For more information: https://studiegids.tudelft.nl/a101_displayCourse.do?course_id=56615
For 2020 this course has a cap of 100 students due to being a pilotyear.
- Agent-based Modelling and Simulation in Air Transport (AE4422-20)
Agents and Multiagent systems. Agent-based modelling architectures. Examples from air transportation.
Emergence in Multiagent systems. Agent-based simulation. Agent-based modeling and simulation tools.
Agent-based coordination, planning, and scheduling in air transportation. Nature-inspired approaches to solve optimization problems. Swarm intelligence. Adaptive behavior and learning in agent-based systems. Collaborative decision making in air transportation. Negotiation, auctions, game-theoretic approaches. Agent-based model analysis: sensitivity, uncertainty, robustness. Validation of agent-based models.
- Remote Sensing and Big Data (CIE4616)
Many image processing and analysis techniques have been developed to aid the interpretation of a range of images (e.g. satellite remote sensing, but also other types of raster datasets like climate data) and to extract as much information as possible from the image data. Recent advances in remote sensing and computer science has moreover resulted in an explosive growth of image data sets and data analysis techniques such as machine learning. This evolution is both a challenge and opportunity as it requires specific techniques to explore, analyse, and leverage the data. This course provides an overview of tools and techniques to explore, analyse, and visualise the image data and on the implementation of big data analytics techniques on these data to exploit the growing data archives.
Expected prior knowledge: Generic programming skills.
- Computer Engineering for Scientific Computing (EPA1333)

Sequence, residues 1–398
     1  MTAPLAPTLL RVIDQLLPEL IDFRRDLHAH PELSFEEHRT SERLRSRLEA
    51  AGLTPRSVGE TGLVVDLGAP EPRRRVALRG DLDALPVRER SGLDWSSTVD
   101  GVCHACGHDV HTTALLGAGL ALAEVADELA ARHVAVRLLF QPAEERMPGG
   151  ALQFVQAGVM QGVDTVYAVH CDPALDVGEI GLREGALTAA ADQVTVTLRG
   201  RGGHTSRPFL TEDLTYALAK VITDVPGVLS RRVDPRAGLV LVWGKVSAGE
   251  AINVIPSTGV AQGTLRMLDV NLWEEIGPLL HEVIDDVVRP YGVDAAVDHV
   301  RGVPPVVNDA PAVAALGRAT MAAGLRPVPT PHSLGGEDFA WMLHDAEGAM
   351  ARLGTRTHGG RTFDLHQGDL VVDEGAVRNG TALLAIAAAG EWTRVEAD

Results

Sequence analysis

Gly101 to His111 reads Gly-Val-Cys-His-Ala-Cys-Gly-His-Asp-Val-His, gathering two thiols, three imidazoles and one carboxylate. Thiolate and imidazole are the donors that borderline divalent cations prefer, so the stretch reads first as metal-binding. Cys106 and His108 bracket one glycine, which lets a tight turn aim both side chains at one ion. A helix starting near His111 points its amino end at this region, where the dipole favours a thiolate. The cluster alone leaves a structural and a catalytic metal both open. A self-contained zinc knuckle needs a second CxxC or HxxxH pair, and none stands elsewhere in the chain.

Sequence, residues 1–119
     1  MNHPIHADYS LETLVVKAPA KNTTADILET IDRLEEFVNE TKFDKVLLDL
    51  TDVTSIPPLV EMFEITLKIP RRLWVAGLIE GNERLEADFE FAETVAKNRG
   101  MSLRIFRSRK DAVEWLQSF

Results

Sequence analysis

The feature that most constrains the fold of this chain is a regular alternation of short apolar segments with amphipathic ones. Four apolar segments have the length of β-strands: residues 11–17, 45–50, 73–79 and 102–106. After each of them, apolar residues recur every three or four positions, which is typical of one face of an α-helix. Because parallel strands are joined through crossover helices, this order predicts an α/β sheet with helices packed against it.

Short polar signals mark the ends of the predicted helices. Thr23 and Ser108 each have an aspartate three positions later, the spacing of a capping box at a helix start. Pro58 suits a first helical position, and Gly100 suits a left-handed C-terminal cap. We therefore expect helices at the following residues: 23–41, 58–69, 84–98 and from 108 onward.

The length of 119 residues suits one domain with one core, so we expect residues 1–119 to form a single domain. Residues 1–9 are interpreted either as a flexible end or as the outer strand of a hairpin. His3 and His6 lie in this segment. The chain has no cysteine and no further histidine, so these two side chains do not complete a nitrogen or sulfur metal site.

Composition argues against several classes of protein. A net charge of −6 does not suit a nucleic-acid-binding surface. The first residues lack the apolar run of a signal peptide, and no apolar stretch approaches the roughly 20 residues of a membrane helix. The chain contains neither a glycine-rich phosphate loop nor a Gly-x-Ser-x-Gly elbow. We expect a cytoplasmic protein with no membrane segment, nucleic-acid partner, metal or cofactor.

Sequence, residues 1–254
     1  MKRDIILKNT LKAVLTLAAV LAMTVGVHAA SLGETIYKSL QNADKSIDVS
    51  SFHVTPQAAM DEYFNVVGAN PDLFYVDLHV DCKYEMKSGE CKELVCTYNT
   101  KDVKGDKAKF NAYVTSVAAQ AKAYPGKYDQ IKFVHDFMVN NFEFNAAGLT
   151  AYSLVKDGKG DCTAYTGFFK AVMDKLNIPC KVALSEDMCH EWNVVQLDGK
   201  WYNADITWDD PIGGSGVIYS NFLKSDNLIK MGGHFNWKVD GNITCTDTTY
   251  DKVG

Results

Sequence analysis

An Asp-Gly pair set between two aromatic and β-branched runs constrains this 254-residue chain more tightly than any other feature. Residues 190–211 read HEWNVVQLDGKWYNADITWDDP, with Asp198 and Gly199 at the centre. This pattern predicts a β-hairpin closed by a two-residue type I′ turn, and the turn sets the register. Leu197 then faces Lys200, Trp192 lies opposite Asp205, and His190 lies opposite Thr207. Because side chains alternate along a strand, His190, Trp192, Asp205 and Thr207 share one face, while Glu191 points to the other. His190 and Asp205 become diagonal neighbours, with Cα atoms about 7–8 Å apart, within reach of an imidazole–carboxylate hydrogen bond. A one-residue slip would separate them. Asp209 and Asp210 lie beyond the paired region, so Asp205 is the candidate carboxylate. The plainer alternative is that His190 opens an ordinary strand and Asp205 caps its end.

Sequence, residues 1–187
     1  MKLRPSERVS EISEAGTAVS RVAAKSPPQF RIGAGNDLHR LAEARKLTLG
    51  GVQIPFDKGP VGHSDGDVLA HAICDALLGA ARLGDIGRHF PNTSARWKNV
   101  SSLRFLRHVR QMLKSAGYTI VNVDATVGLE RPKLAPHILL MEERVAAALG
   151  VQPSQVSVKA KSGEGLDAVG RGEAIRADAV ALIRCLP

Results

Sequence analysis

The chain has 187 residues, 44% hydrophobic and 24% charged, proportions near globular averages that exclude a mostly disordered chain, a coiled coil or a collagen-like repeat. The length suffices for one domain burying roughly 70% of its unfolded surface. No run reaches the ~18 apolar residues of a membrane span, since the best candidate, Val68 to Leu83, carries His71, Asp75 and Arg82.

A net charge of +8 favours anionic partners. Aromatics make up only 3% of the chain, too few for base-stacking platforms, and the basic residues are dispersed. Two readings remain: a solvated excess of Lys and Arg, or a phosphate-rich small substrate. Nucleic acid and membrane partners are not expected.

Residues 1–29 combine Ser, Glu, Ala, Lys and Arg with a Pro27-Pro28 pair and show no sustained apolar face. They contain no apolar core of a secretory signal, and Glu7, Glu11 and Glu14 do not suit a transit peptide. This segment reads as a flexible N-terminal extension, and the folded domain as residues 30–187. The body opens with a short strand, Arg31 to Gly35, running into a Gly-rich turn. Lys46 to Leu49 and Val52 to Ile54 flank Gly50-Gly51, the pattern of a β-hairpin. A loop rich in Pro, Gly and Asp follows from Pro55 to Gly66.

This course offers an introduction to scientific computing: pro grammatically modelling problems and analysing data. It uses Python and a number of tools and libraries often used for scientific computing. The course provides a mix of theory and skills which are practiced using lab assignments (using Python) and discusses the following subjects:
• Programming: basic programming in Python.
• Jupyter Notebooks
• Scientific computation with libraries such as Pandas, NumPy, SciPy
• Visualization with libraries such as Matplotlib
• Other programming tools and topics (when time permits)
- Introduction to Data Science (EPA1316)
This course will train students to gather, fuse and clean data from multiple sources. In order to gain useful insights into the reality of multiple problems, we will focus on urban ecosystems. With unprecedented growth in cities, policymakers are striving to find a balance between providing equal opportunity and benefits to its citizens and sustainable development. Data science will help us understand and estimate alternative implications of solutions and communicate results to a wide audience effectively.